81 posts categorized "Romantic Comedy"

June 08, 2020

HE'S JUST NOT THAT INTO YOU

Today's Cole Smithey Film-To-Stream: HE'S JUST NOT THAT INTO YOU —This 2009 A-list packed romdramedy plays heart strings and gives sucker punches in equal measure.

You'll pine for the pre-smart phone days when there was a thread of humanity, and the milk of human kindness was something you could find. Drew Barrymore spills with charm in this underrated American comic classic. 

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Tears will fall. 

4★s.

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March 22, 2018

THEY ALL LAUGHED

Colesmithey.comPeter Bogdanovich’s underseen romantic comedy is an unabashed love letter to 1980 Manhattan. Storyline and plot take a welcome backseat to an attractive if iconic cast portraying characters digging each other and the summer midtown New York vibe they inhabit.

Frank Sinatra’s songs of the era (“New York, New York”) contrast against country music tunes to give the movie a surprisingly effective musical lilt. It is a picture about love and joy that celebrates its own purpose for being. Knowing nods between characters acknowledge the film’s open secret. We’re constantly watching characters admiring or spying on one other from afar.

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You can’t help but stumble over yourself as an audience member watching Audrey Hepburn, Ben Gazzara, John Ritter, Colleen Camp, Patti Hansen, Blane Novak, and former Playboy playmate Dorothy Stratten goofing around as the least believable private detectives and subjects you could dream of.  

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There may not be much dramatic conflict, but that’s the point. Colleen Camp’s request from a street vendor for a “very large orange juice” is rewarded with a small half-filled Styrofoam cup. New York culture is crammed into every frame.  

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Bogdanovich takes inspiration from Arthur Schnitzler’s often-adapted play “La Ronde” to create this lighthearted comedy of manners that never strays from the shallow end of the screwball comedy pool. Pratfalls come with the territory but “What’s Up Doc” this is not. Still, nobody falls down funnier than John Ritter.

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“They All Laughed” is as breezy as its title suggests, but there are so many tiny elements that make you want to revisit the picture. Patti Hansen’s guileless smile, scenes filmed in and around Manhattan’s legendary Algonquin Hotel, and Dorothy Stratten’s stunning charisma contribute to the film’s friendly appeal.

John Ritter

If you’ve ever wanted to take a time machine vacation back to 1980 New York where you can do no wrong, this fun-loving movie makes it possible. We’re all in the mood for love.

Rated PG. 115 mins. (B+) Three stars — out of five / no halves)

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Groupthink doesn't live here.

October 09, 2017

ARTHUR

ArthurThis long forgotten romantic comedy represents a perfect storm of comic talents coming together for an enjoyable Manhattan-centric movie that sticks with you. Writer/director Steve Gordon had worked for years as a television comedy writer on series such as “Barney Miller” before crafting the only film he would ever make; Gordon perished a year later from a heart attack.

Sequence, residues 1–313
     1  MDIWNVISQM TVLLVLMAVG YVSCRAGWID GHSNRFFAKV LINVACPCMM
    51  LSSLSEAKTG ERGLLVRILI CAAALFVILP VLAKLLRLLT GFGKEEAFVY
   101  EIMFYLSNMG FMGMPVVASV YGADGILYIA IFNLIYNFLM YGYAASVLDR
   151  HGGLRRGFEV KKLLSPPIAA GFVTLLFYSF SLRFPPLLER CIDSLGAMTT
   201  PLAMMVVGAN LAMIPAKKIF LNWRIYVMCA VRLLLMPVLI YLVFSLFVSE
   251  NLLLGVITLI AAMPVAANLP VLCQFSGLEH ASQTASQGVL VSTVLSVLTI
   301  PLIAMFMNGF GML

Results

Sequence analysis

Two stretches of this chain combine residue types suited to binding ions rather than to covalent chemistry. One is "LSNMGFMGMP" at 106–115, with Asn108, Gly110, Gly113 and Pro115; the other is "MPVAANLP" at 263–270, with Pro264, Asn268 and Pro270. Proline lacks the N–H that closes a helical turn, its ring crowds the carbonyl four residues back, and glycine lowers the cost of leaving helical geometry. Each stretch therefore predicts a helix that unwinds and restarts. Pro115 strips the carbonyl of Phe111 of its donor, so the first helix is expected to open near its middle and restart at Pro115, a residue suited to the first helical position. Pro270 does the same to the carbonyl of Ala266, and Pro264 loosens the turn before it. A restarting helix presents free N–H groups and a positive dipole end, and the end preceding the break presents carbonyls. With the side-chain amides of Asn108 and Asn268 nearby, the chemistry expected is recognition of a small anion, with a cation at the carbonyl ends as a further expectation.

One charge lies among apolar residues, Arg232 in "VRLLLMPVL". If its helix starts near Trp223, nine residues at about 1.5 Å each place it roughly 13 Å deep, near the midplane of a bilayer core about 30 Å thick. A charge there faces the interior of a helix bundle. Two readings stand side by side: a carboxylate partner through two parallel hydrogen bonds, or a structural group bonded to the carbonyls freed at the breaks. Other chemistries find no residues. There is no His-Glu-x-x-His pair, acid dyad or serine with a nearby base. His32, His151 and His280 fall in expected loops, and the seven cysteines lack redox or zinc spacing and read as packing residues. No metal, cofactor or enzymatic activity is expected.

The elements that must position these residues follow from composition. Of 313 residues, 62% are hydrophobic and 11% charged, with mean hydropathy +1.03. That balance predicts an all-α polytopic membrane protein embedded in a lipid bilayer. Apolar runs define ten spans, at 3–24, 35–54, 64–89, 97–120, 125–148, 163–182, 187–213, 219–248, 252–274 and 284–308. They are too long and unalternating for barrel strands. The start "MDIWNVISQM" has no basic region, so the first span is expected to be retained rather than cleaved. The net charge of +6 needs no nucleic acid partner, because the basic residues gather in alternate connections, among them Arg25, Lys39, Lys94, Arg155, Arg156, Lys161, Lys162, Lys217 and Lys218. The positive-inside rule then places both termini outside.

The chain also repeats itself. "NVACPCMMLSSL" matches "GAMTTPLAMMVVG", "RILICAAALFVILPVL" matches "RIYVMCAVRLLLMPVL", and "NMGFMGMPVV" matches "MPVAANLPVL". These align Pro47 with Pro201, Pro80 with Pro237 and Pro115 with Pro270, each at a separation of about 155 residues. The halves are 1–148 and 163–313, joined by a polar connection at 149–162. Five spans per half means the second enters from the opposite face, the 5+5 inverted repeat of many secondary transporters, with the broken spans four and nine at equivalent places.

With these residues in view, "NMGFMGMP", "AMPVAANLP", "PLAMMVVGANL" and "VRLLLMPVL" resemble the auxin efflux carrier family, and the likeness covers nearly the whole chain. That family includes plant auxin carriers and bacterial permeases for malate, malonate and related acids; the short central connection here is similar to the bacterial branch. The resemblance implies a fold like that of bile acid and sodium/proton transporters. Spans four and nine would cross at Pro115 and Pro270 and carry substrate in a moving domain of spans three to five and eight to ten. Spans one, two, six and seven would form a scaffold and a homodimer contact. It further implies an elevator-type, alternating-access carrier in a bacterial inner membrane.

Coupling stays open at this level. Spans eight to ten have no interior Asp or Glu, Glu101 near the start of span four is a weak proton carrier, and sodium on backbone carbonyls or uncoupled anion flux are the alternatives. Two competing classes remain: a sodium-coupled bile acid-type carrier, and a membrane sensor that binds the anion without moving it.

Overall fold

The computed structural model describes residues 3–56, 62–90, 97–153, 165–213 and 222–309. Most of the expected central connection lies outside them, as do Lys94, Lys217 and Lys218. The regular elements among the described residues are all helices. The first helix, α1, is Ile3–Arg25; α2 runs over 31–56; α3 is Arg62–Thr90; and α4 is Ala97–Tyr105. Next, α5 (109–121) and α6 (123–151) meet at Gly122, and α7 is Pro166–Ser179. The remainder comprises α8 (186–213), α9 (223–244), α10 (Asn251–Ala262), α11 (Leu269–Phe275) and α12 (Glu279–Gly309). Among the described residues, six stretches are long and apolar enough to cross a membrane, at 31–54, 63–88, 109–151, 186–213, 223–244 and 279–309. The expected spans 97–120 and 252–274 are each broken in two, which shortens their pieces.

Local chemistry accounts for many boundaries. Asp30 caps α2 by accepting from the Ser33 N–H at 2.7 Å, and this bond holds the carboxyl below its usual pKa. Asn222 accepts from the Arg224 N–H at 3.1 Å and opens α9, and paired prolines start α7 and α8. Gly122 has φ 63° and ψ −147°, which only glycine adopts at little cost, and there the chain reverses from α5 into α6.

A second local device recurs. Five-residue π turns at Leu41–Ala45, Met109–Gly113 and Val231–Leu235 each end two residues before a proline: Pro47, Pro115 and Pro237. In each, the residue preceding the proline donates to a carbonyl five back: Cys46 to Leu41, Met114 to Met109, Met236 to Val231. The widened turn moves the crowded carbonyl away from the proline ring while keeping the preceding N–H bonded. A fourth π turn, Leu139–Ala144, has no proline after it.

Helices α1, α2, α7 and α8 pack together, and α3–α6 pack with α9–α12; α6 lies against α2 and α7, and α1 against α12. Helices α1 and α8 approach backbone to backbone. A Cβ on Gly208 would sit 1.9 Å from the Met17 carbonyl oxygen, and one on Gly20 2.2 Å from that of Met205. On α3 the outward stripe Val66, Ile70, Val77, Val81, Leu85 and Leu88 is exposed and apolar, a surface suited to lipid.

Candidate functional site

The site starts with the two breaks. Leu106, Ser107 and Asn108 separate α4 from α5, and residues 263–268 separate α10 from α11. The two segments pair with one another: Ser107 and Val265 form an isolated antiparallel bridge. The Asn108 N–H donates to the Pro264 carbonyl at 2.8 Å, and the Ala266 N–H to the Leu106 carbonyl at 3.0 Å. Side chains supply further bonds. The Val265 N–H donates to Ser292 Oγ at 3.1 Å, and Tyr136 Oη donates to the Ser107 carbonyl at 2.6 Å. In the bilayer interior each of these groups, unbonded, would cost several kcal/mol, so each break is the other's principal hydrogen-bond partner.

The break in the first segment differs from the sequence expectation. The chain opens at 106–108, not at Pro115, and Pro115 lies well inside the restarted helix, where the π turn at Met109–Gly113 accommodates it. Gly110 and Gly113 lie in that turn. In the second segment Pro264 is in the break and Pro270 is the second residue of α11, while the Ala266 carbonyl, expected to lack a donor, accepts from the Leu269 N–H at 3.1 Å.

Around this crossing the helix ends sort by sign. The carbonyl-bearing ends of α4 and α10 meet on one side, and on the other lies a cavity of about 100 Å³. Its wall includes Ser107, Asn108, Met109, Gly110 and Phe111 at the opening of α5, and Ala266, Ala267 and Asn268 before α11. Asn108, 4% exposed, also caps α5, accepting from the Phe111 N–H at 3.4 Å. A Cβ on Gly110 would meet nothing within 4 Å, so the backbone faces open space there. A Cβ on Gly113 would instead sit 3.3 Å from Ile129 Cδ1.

Dudley Moore had accumulated a career’s worth of success doing British comedy with the “Beyond the Fringe” group in the ‘60s. His comedy partnership with Peter Cook had given way to films (“Bedazzled” and “Monte Carlo or Bust”) and sought-after (nearly banned) comedy albums. Moore’s comic performance in the 1979 Blake Edwards film “10” catapulted him into the Hollywood orbit that led to his role as Arthur Bach in “Arthur,” for which he received an Oscar nomination.

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A romantic comedy about a filthy rich, womanizing drunk might not sound like much on paper, but the dynamic chemistry between Dudley Moore, John Gielgud, and Liza Minnelli gave audiences something to savor. The movie was a box office hit.

A plethora of high-profile Manhattan filming locations (such as Central Park, the Plaza Hotel, and the Carnegie Mansion) create a perfect time capsule of '80s era New York City that the film’s sticky valentine theme song seems to mock. Never mind that “Arthur’s Theme (Best That You Can Do)” was co-written by Burt Bacharach, and won an Oscar for Best Original Song. 

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The narrative is straight as an arrow. Wealthy alcoholic man/boy Arthur Bach can only receive his part of the family fortune if he marries the family’s pre-approved Susan Johnson (Jill Eikenberry). Arthur doesn’t like anyone, least of all himself, until he runs across Linda Morolla (Liza Minnelli) stealing a tie for her dad’s birthday from Bergdorf Goodman. It’s not so much that Linda stirs a shift to sobriety for Arthur as that we start to see the anti-hero through her eyes. Dudley Moore’s effortless, self-deprecating, knack for slapstick exposes Arthur’s warmth and wit in spite of the chaos he causes.  

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“Arthur” is a much better movie than you’d expect it to be, and certainly far better than the film’s inept trailer portends. Keep an eye out for Geraldine Chaplin's hilarious performance as Arthur's take-no-guff grandmother.

That sappy song ("When you get stuck between moon and New York City") will be wedged in your head for days, but “Arthur” is worth every minute of the torture.

Rated PG. 97 mins. (B) (Three Stars — out of five / no halves)

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